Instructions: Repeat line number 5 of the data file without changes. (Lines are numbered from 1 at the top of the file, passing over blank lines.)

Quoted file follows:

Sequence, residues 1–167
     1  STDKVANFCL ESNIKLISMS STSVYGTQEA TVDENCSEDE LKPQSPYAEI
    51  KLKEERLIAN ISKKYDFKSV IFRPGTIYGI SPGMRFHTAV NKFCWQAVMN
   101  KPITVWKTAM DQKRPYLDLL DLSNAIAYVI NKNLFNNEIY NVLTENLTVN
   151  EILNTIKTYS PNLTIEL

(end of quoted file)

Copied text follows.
   151  EILNTIKTYS PNLTIEL